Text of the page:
How September 11 shaped my education on politics, prejudice and loss



This week, journalists on Pioneer staff were asked to write a column in remembrance of the September 11, 2001 attacks, a renowned historic event that was the prime example of terrorism in the United States and remains the deadliest terrorist attack in humanity. history and the deadliest fire and law enforcement incident in US history.

As I mulled over what angle to take in my thinking, I realized that I actually had no solid memories to reflect on from the actual day. I was born at the beginning of October 1998 and I was just under three years old at the time of the attacks. My recollection of 9/11 comes mostly in the form of what I saw indirectly through my own research, social media, and YouTube clips, as well as what my parents and family told me about the event.

I remember that one of the first things I learned about the events of September 11 was the staggering number of people who died as a result of the four hijacked plane crashes involved. The attacks left 2,977 dead, more than 25,000 injured and significant long-term health consequences. Just this week, I learned that scientists and DNA analysts are still examining bone and tissue fragments from the crash today to identify victims.

Another thing I recently got to look at was the actual footage of the planes hitting the towers. Having never seen anything like it and generally avoided looking at the actual footage, at 22, I felt old enough to handle the emotions I knew came from seeing something so heartbreaking.

Seeing the thousands of instant deaths that have occurred within seconds, I found myself thinking sadly about what it must have been like to have witnessed, or to have survived something like this, let alone to have been able to remember when that happened. . The surge of emotions I suddenly felt was indescribable, it was one of the few things I had seen online that made me take a minute to come together after watching.

Growing up at one time as a young adult, and later as an adult, in the post 9/11 United States, security and foreign relations have been the subject of constant policy conversations in my world. I have seen both failures and successes in government, and I know we have necessary changes to make if we are to help curb the efforts of groups looking to plan an attack like September 11.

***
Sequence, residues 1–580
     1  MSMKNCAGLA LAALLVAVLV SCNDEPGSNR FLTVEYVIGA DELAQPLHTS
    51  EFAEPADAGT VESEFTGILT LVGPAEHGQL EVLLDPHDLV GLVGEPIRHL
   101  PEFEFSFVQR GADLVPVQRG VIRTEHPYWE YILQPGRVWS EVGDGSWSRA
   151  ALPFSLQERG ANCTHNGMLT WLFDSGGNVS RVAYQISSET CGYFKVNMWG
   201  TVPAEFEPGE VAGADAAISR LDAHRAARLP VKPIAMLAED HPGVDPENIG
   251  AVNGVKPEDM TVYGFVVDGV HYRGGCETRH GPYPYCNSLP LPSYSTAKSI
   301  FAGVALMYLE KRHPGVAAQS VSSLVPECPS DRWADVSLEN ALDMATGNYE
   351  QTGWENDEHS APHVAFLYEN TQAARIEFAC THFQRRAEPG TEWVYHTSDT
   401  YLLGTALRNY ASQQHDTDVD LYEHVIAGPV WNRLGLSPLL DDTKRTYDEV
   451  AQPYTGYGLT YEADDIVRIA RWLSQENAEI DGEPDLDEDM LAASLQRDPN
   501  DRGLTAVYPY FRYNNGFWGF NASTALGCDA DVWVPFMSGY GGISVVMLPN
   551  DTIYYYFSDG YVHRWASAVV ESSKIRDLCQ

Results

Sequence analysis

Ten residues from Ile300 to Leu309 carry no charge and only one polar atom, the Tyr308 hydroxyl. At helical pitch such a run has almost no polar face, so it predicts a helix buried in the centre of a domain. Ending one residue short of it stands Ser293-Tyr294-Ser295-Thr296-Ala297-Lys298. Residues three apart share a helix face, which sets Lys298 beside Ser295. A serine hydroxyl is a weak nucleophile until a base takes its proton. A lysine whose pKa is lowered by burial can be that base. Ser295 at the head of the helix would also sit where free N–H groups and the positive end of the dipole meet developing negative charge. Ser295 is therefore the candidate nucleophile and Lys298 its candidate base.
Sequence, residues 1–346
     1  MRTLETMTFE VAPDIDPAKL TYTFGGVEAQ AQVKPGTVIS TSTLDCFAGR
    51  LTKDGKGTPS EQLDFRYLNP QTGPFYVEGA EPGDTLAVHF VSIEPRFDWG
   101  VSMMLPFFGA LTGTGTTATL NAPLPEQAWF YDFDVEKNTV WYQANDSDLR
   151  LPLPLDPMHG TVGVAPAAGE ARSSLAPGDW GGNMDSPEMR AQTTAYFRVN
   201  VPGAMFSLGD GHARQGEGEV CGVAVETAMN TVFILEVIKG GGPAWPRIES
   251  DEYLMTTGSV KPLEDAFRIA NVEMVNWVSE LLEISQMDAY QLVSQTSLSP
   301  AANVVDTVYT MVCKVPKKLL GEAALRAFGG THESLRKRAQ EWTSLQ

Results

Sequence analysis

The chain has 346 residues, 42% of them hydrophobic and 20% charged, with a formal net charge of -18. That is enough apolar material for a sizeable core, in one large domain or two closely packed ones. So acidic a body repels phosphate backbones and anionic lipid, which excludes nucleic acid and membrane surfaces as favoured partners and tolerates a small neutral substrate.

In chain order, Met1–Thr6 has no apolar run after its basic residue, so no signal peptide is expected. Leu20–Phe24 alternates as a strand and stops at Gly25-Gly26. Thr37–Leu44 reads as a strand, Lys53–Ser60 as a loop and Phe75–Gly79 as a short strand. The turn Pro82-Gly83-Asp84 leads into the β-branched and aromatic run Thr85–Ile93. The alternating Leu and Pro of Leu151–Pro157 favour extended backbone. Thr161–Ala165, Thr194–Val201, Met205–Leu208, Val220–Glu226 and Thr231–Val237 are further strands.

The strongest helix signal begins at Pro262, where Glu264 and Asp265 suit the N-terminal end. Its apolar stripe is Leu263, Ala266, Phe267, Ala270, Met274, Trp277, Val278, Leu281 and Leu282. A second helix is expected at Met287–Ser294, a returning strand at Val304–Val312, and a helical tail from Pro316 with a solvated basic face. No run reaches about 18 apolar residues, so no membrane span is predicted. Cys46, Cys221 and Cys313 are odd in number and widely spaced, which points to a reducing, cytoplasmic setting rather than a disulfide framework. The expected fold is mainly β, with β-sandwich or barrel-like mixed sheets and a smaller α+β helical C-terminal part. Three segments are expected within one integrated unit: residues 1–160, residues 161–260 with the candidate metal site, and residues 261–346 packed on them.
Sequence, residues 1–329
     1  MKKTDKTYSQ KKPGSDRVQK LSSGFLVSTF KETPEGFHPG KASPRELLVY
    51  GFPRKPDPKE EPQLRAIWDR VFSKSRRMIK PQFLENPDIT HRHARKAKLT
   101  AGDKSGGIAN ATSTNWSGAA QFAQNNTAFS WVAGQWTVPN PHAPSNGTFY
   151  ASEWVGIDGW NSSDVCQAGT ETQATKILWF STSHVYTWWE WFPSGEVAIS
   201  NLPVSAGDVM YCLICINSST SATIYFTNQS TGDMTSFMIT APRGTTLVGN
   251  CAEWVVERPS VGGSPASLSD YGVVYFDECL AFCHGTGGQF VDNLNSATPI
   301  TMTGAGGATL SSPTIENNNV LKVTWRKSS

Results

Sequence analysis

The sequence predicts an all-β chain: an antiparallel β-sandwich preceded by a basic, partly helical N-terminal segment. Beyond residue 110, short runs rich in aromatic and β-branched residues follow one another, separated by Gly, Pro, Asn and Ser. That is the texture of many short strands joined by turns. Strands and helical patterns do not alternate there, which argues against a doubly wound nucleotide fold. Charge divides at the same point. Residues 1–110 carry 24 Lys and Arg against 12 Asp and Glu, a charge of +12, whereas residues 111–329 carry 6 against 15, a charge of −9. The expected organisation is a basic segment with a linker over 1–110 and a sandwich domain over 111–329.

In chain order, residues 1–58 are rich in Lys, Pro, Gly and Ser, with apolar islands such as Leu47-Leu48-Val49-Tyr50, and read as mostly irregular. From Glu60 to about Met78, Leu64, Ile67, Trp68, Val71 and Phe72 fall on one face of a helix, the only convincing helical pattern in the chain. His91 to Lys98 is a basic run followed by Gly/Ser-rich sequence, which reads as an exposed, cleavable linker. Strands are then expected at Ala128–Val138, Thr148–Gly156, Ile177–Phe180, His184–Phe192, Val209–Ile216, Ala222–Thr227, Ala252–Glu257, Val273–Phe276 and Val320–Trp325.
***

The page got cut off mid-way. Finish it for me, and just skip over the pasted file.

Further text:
We still have work to do if we are to make a difference in countries like Afghanistan, where the Taliban are now in power, which many, including myself, never expected to see in their lifetime. We will have to understand how to ensure the security of our own country and the new residents as we welcome Afghan immigrants, we will have to deal with foreign policy and how to create peace with a Taliban regime.

Deterrence of international terrorist threats is essential to peacekeeping, but examining domestic terrorism is also an important part of solving America’s problems with premeditated violence.

I may not have witnessed September 11, but I grew up in a world where terrorism and internal threats were a constant threat to be prepared for. I learned in classrooms and in a school with regular active shooting and bomb threat drills that were considered normal practice. As an adult I have seen the dangers and prejudices or violence motivated by beliefs in my own country, most often by my own fellow citizens.